Step two is to consider whether IAS 32.16A-D apply. When an issuer has an obligation to repurchase financial instruments, in certain circumstances, IAS 32 Financial Instruments: Presentation, paragraphs 16A to 16D include exceptions to the usual principles for classifying financial instruments as financial liabilities. In some cases, such instruments could be classified as ‘equity’, despite having an unavoidable obligation to pay out cash. However, this exception does not typically apply to convertible instruments and is not applicable in this example.
Continuing down the right hand side of the above flow chart, we then consider whether the instrument has any characteristics that are similar to equity. The answer is ‘yes’ because the instrument contains an option to be converted into equity instruments, but the question of whether the conversion feature meets the criteria to be classified as equity is dealt with separately in Step four below.
The host debt component will be classified as a financial liability because ABC Limited has an unavoidable obligation to pay cash, and on a standalone basis there is no feature in the host debt contract that is similar to equity.
The conversion feature is then assessed on a standalone basis using the above flowchart. Starting with the box at the top left hand side of the diagram:
- There is no contractual obligation to pay cash that the issuer (ABC Limited) cannot avoid. The equity conversion feature can only be settled through the issue of equity shares, otherwise it will simply expire unexercised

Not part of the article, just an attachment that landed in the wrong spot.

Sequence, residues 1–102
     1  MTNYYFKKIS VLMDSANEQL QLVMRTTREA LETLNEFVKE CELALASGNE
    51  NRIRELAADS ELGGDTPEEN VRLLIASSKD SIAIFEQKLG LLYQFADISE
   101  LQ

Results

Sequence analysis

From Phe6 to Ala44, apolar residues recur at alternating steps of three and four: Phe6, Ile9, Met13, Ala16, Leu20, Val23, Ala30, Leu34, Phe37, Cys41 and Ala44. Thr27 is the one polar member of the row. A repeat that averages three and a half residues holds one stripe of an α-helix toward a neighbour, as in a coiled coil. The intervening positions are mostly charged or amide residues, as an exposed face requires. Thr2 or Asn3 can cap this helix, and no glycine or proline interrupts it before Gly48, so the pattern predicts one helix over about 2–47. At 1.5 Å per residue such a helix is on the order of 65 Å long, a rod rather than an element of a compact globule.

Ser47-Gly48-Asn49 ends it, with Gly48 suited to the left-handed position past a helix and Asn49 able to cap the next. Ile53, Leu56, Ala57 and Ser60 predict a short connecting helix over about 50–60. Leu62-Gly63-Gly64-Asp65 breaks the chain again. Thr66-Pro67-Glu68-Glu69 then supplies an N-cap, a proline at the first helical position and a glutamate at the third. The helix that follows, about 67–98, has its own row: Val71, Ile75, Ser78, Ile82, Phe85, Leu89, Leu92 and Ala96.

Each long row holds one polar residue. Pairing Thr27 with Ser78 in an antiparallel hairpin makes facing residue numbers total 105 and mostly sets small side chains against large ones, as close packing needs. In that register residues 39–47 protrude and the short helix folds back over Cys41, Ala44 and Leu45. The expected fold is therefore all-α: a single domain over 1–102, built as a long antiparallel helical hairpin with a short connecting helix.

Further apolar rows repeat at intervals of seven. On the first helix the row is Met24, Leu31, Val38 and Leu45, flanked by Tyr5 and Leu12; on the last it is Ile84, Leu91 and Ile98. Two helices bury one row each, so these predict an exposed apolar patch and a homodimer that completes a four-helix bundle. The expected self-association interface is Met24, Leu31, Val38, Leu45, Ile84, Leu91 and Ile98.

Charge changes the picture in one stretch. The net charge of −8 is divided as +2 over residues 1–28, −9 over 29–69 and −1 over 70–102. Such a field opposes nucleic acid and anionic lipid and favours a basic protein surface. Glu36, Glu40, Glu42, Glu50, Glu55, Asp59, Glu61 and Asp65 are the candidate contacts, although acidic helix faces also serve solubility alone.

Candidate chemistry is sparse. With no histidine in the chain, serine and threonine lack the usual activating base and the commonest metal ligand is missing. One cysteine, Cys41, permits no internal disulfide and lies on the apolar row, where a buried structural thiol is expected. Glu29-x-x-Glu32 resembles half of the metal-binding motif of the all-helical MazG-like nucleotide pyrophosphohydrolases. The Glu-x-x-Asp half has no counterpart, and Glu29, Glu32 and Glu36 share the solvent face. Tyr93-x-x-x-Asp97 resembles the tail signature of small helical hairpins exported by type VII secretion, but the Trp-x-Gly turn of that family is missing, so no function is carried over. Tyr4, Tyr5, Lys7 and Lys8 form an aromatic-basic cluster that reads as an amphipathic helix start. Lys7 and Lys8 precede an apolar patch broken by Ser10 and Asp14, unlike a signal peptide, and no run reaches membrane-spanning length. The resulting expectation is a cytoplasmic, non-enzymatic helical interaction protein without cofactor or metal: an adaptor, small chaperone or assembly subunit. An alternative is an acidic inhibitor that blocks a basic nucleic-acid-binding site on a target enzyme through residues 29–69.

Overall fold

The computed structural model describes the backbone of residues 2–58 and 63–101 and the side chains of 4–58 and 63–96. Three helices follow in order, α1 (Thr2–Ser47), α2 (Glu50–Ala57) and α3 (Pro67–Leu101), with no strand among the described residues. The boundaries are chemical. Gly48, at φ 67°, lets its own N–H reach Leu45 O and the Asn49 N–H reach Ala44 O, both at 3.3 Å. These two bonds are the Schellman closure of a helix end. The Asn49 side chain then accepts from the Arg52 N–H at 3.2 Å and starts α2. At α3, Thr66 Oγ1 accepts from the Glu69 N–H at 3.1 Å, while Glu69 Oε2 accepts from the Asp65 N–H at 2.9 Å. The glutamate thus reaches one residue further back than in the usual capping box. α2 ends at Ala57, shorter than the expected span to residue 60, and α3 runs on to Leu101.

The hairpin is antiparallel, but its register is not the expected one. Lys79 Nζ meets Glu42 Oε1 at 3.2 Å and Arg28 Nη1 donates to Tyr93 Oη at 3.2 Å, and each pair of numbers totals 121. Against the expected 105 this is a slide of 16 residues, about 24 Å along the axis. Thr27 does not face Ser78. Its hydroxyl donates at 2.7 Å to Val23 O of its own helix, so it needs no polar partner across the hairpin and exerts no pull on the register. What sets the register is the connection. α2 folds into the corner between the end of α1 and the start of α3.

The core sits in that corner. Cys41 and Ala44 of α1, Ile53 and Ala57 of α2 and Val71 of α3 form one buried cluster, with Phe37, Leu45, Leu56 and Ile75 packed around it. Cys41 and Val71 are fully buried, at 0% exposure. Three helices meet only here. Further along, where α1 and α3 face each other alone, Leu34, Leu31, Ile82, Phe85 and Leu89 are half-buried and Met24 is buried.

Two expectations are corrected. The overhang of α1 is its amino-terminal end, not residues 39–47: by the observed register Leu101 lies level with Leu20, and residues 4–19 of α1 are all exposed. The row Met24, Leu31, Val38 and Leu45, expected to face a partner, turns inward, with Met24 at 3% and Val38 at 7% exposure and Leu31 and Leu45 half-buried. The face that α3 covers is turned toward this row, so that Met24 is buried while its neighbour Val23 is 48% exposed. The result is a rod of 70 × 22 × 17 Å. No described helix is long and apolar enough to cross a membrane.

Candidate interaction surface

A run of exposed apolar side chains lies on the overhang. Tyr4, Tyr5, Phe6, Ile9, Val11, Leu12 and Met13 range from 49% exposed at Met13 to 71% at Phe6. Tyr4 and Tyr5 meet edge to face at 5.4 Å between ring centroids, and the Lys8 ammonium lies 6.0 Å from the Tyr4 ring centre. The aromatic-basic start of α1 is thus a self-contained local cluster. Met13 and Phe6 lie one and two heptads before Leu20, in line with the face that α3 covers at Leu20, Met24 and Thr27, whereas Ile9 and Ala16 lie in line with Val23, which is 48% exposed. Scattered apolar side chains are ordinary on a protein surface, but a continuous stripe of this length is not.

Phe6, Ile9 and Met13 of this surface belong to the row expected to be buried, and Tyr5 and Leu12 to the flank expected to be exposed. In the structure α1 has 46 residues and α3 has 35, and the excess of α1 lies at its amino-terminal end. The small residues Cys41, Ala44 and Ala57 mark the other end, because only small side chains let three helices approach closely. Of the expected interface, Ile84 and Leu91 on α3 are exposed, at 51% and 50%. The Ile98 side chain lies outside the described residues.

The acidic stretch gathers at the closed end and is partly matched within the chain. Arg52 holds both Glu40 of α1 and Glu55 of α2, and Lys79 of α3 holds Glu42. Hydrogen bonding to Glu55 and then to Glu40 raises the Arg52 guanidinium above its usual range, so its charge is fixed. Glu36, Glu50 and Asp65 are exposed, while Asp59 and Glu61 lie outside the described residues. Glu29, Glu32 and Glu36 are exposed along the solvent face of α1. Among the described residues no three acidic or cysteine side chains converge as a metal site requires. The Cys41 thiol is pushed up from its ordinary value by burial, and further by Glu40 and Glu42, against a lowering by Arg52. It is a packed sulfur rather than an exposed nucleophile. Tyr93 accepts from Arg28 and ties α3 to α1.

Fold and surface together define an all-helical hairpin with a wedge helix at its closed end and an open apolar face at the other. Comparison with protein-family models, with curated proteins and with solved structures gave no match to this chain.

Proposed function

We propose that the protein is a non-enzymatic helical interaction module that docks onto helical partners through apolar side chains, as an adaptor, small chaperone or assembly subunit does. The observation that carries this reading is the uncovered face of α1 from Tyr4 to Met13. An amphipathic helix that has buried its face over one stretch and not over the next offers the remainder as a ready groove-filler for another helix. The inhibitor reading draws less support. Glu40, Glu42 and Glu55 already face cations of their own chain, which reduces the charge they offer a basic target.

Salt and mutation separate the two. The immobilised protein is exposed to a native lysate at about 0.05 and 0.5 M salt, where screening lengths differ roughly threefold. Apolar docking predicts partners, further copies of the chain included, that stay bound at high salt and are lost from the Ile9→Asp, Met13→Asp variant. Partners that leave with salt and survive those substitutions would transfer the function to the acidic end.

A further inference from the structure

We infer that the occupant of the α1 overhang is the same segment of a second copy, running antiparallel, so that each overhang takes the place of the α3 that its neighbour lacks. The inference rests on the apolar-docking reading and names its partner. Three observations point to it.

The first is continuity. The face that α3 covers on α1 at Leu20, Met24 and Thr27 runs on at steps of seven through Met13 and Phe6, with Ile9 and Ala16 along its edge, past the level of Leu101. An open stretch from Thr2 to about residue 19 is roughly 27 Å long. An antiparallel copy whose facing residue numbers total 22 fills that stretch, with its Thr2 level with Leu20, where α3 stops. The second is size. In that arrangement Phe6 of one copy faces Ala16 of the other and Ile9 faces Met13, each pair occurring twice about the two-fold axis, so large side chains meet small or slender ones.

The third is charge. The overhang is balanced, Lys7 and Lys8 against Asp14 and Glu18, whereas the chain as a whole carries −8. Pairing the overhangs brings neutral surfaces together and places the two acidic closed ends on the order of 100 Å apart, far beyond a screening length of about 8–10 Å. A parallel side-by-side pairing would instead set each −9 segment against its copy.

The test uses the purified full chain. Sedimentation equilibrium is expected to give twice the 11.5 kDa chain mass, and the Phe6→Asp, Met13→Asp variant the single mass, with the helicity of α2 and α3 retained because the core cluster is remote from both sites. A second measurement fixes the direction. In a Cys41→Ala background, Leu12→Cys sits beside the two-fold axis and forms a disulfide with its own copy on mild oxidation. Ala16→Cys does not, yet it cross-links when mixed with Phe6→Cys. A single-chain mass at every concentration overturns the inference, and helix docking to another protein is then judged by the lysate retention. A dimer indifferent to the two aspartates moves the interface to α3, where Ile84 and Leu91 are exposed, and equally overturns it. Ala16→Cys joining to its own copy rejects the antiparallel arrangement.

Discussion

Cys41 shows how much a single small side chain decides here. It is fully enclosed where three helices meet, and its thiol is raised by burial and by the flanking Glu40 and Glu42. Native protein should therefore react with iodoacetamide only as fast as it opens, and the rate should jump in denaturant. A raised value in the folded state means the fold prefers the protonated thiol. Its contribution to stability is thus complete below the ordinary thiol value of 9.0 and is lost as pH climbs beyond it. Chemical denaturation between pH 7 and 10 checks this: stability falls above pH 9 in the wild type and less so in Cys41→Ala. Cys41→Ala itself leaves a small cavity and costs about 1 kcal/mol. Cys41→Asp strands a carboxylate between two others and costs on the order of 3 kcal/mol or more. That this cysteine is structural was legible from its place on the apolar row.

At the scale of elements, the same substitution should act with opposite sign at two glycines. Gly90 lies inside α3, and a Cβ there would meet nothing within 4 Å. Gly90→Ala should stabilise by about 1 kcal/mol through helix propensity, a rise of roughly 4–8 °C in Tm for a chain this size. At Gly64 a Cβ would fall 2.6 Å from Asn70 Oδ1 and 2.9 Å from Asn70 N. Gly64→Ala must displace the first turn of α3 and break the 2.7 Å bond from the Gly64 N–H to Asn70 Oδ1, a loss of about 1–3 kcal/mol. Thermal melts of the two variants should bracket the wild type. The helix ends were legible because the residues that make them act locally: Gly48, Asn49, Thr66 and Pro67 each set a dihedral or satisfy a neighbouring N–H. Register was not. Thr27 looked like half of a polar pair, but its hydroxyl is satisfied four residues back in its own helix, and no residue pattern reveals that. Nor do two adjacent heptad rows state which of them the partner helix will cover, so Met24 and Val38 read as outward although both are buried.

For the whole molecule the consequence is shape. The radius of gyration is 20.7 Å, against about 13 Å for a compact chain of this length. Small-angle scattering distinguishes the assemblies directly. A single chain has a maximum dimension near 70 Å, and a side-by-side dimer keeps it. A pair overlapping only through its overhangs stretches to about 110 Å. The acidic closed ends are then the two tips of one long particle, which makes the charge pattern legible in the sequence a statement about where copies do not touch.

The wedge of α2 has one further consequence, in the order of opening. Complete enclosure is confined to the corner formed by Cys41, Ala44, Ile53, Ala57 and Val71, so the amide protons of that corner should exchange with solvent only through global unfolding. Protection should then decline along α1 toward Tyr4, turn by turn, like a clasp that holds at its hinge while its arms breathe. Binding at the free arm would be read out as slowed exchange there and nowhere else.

- There is no obligation to issue a variable number of shares. If exercised, the option will result in the issue of 10,000 ABC Limited shares, and
- The book value of the convertible note is not variable, i.e. the convertible note is not denominated in a foreign currency.
The conversion feature is therefore classified as an equity component.
In addition, the note also has a call feature which allows ABC Limited to repay the principal plus any outstanding accrued interest at anytime during the life of the note. However, as discussed above, this derivative is not accounted for as a separate embedded derivative (because it is considered to be ‘closely related’ to the debt host contract).
This means that the note as a whole contains the following liability and equity components:
- Contractual cash flows of 10% annual coupons and a cash repayment of $10,000 (liability)
- The conversion feature to convert the liability into equity of ABC Limited (equity), and
- The call feature (an embedded derivative that is not separated, and therefore not recognised separately from the host liability).
The fair value of the liability component is $9,400 which is the sum of the fair value of the debt host contract ($9,500) and the non-separable embedded derivative asset ($100). The equity component would therefore be the residual, i.e. $600 ($10,000 less $9,400).
ABC Limited recognises the following journal entry at initial recognition to record the callable convertible note transaction: